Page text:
Projects shelved, Oscars race rattled: Hollywood in chaos after a string of sex scandals

Accusations of sexual assault against movie producer Harvey Weinstein opened the floodgates to accusations against other entertainment figures including Spacey, Toback, Ratner as some were already public against Roman Polanski and Bill Cosby. PHOTO: AFP

Los Angeles (AFP) - Projects have been shelved, film releases cancelled, sets shuttered, studios threatened, the Oscars rattled - this is the chaos confronting Hollywood following sex scandals that have brought down power players like Harvey Weinstein, Kevin Spacey and Brett Ratner.

In the month since The New Yorker and The New York Times published allegations of serial predatory behaviour by producer Weinstein - some 100 women have now accused him of misconduct ranging from harassment to rape - people who said they had been victimised have felt emboldened to voice allegations against men who had been seen as untouchable.

Spacey, a two-time Oscar winner, and Ratner, a blockbuster director, have also been accused of sexual transgressions, while other actors, managers and agents are in the hot seat.

"Who's next?" the Los Angeles Times asked on Sunday.

"There's been scandals in Hollywood since the silent movie age but it was one person or one incident," said Tim Gray, an editor at the entertainment trade magazine Variety. "I've been at Variety for 30 years, I've never seen something like this."

Every project linked to The Weinstein Company, co-founded by Weinstein and his brother Bob, is now toxic, whereas a few months ago it had the sheen of prestige.

Director Oliver Stone, who initially defended Weinstein, has withdrawn from the Guantanamo television series that they had been collaborating on.

The first Weinstein Company film to come out following the scandal, Amityville: The Awakening, took in a measly US$742 in its one-day theatrical release, according to Box Office Mojo.

Weinstein's company, already weakened by a series of flops, is on the verge of bankruptcy.

Other studios are also in turmoil. Amazon Studios chairman Roy Price resigned last month after he was suspended following an accusation of sexual harassment.

His ouster contributed to the collapse of an untitled David O. Russell drama series, set to star Oscar winners Robert De Niro and Julianne Moore, which had been a co-production with The Weinstein Company.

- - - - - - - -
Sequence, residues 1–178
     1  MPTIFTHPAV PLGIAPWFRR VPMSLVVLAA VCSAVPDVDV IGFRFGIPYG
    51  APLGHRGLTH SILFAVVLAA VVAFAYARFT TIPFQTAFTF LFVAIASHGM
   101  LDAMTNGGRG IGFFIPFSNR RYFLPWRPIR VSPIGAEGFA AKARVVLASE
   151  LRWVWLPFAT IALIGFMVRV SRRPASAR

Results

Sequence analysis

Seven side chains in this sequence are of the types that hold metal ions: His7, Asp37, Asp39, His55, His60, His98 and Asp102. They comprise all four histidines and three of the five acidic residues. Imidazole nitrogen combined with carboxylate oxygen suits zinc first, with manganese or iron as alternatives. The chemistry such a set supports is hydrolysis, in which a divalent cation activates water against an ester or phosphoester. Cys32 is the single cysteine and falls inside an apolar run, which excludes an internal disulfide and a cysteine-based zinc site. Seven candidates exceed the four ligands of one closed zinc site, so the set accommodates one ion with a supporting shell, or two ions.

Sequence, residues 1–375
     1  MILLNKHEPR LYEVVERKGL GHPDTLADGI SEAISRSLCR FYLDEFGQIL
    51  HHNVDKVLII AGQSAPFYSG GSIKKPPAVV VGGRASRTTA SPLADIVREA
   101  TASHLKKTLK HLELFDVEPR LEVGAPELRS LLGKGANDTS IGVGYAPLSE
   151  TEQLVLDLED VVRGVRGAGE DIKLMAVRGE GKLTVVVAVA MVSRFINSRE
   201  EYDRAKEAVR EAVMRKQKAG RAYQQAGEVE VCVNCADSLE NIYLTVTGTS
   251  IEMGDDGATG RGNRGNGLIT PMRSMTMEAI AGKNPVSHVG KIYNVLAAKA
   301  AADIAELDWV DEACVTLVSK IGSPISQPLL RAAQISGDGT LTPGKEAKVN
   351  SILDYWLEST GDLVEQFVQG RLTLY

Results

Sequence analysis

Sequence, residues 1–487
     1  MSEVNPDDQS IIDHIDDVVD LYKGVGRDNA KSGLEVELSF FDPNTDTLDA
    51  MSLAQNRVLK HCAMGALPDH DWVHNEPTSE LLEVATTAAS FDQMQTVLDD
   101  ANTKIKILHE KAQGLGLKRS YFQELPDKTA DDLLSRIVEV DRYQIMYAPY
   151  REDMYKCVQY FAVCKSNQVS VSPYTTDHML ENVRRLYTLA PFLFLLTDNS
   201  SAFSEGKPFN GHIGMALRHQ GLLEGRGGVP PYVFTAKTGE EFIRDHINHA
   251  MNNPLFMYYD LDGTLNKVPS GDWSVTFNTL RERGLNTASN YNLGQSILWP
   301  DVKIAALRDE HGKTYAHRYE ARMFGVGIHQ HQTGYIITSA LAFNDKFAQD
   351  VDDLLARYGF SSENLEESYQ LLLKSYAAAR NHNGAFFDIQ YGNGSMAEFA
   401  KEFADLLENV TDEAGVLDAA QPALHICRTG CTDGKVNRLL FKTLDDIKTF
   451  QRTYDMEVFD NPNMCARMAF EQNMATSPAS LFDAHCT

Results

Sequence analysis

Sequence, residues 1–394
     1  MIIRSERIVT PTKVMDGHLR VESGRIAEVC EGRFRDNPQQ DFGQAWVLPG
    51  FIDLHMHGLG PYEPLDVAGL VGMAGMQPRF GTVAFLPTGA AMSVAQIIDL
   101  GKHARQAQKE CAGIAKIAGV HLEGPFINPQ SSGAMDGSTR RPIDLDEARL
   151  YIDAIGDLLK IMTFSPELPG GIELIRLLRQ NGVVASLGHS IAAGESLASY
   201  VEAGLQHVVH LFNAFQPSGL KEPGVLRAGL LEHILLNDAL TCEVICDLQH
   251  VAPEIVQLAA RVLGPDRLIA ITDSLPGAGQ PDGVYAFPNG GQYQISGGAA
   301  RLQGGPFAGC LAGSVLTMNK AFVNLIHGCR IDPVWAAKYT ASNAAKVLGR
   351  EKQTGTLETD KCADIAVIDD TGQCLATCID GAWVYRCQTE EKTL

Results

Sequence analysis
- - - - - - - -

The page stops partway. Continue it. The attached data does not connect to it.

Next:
With "the Weinstein debacle and another issue at Amazon, everyone kind of walked away and torpedoed it", Moore said in an interview.

Streaming giant Netflix has booted Spacey, who spaces spiraling accusations, from its flagship series, House Of Cards. Production of the last season, which had been due to air in 2018, was suspended.

Netflix also scuttled the release of Gore, a biopic about American writer Gore Vidal, a film co-produced by and starring Spacey.

At Warner Bros., the scandal surrounding film-maker Ratner (Rush Hour, The Revenant, Horrible Bosses) has threatened a co-financing deal between the studio and Ratner's RatPac Entertainment worth hundreds of millions of dollars. The studio has also removed Ratner from the producing role of a much-anticipated adaption of the Pulitzer Prize-winning novel The Goldfinch. "This is kind of a lesson for everyone in Hollywood. You know what? Everybody is replaceable," Gray said.

The Oscar race has also been shaken up. Sony Pictures was betting on Spacey as its awards candidate for his role in Ridley Scott's All The Money In The World, but has since scratched that plan.

With four months to go before the Academy Awards, "who knows what we're gonna find about other people in the race", Gray said.

The Academy of Motion Picture Arts and Sciences expelled Weinstein from its ranks, but has kept a low profile as the number of its members and honourees facing troubling accusations grows.

People in behind-the-scenes roles in entertainment haven't avoided scrutiny either. Agent Tyler Grasham from APA has been fired, while manager David Guillod from Primary Wave Entertainment was forced to resign, both following sexual assault allegations.

Hollywood has struggled with diversity and accusations of discrimination against racial minorities and women, "but this is taking it a step further. It's not we're ignoring people, it's we're abusing people", Gray said.

He can't imagine Weinstein, Spacey or Ratner ever working again in entertainment.

"Hollywood loves a comeback story, loves to forgive", but "this is not something you can forgive".

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